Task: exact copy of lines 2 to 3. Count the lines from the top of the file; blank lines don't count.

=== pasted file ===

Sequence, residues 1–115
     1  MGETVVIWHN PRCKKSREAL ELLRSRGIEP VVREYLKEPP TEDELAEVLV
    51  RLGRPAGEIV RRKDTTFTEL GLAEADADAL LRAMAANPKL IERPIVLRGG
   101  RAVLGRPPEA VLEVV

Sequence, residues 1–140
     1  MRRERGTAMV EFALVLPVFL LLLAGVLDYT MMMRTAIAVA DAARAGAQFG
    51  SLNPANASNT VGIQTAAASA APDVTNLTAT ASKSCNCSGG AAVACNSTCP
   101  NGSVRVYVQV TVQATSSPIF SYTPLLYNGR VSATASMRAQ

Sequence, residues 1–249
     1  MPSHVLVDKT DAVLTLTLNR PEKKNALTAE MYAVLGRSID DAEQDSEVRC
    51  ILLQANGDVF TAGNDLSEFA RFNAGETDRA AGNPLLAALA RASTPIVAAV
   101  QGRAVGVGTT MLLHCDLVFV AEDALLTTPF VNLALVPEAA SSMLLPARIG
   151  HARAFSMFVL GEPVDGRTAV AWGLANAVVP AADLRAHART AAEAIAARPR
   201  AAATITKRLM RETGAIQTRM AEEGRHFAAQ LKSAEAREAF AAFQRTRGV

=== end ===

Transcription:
     1  MGETVVIWHN PRCKKSREAL ELLRSRGIEP VVREYLKEPP TEDELAEVLV
    51  RLGRPAGEIV RRKDTTFTEL GLAEADADAL LRAMAANPKL IERPIVLRGG